The government on Wednesday decided to extend the curbs on sugar stocks a dealer or a trader can pile up by six months through October 28, aimed at discouraging hoarding and keeping sugar supplies steady amid a drop in output. “The main objective of the decision is to enable the state governments to issue control order with the prior concurrence of the central government, for fixing stock limits/licensing requirements in respect of sugar, whenever need is felt by them,” the food and consumer affairs ministry said in a statement after a Cabinet meeting.
The Cabinet on April 27 last year decided to introduce, after a gap of close to five years, the stock-piling limits to ensure that sugar prices don’t surge due to manipulations by hoarders. Under this, each dealer or trader can stock up to 500 tonne in all states, barring parts of West Bengal. The stock-piling limit for a dealer in Kolkata and extended areas in West Bengal has been set at 1,000 tonne. Dealers can’t hold sugar for more than a month from the day of receiving the stocks, the food ministry said.
States are free to fix stock-holding limits as well as the period of holding sugar, but those can’t be higher than the caps set by the food ministry. In late 2011, the government had scrapped the stock holding limit on sugar due to plentiful supplies.
After remaining mostly subdued in recent years and hitting a seven-year low in early 2015, domestic sugar prices climbed since the last marketing year started on October 1, 2015 on apprehensions of a drop in sugar output due to dry spells in Maharashtra and Karnataka.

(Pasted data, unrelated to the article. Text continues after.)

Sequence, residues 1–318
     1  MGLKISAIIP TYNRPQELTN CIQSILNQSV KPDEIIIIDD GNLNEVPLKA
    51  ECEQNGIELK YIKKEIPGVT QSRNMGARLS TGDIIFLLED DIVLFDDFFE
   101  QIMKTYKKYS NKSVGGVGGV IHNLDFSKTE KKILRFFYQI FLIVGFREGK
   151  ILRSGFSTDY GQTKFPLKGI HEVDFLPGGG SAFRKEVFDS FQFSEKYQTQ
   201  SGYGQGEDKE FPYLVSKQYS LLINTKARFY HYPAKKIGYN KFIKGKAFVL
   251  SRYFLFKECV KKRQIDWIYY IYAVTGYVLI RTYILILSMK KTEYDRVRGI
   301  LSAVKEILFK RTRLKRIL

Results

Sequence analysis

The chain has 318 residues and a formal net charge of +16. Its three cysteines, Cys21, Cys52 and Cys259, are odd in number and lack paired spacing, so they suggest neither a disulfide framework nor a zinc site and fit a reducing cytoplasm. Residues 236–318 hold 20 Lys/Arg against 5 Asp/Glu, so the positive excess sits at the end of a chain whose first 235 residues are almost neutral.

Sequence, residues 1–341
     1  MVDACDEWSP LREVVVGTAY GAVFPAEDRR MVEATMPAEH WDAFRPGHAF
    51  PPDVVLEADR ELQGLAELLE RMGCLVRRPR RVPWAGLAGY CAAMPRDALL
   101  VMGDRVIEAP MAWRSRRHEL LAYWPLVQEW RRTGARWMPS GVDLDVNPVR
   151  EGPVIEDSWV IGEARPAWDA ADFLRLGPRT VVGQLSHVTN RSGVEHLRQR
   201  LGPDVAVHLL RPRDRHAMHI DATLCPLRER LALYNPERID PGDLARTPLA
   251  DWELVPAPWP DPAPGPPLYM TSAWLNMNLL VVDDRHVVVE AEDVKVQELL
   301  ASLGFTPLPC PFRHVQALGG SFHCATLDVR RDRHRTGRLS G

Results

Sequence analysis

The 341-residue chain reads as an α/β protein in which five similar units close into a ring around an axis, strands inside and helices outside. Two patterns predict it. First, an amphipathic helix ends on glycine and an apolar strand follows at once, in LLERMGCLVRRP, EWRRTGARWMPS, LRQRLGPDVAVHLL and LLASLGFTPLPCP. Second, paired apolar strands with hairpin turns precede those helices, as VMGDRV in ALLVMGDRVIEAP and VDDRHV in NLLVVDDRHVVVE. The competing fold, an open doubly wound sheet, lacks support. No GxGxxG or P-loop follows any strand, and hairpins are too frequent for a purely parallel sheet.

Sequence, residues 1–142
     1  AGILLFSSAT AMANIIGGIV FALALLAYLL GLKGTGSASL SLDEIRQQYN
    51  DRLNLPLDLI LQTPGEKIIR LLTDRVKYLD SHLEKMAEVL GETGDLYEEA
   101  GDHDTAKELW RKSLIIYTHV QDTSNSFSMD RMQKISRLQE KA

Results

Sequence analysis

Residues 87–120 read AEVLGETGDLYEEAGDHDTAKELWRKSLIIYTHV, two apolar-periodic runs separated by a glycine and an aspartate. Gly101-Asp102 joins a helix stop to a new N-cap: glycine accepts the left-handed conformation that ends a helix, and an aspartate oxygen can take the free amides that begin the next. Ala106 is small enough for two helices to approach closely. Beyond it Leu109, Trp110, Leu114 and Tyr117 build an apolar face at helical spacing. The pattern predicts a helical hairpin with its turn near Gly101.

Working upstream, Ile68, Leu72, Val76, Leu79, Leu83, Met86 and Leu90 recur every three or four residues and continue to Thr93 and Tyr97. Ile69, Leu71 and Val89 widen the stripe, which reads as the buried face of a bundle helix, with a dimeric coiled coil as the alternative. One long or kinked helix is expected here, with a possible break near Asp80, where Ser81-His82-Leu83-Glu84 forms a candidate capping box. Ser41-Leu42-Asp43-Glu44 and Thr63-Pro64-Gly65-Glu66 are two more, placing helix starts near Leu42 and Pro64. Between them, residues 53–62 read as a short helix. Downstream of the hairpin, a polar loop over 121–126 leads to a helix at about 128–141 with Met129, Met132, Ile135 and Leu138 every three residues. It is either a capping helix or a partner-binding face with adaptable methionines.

While the food ministry has projected production to drop to 22.5 million tonne for the current marketing year through September, down from the official estimate of 25.1 million tonne in 2015-16, the Indian Sugar Mills Association has pegged output at just 20.3 million tonne for 2016-17.
To boost supplies, the government this month allowed duty-free imports of raw sugar up to five lakh tonne until June 30 under a tariff rate quota. This is for the first time since 2012 that imports of sugar under the open general license (OGL) will take place at zero duty, albeit in limited quantity. Imports of raw sugar beyond the stipulated quantity and the deadline will, however, attract the 40% duty that has been imposed since April 2015.
A government official had told FE that the decision to allow limited duty-free imports was aimed at keeping domestic supplies steady in case consumption picked up and also to have adequate stocks by the end of this season to avoid a shortage before the new sugar came in. “As of now, we don’t have any real shortage of sugar due to massive carry-forward stocks from 2015-16,” he had said. Ex-factory sugar prices have remained flat in the last 3-4 months.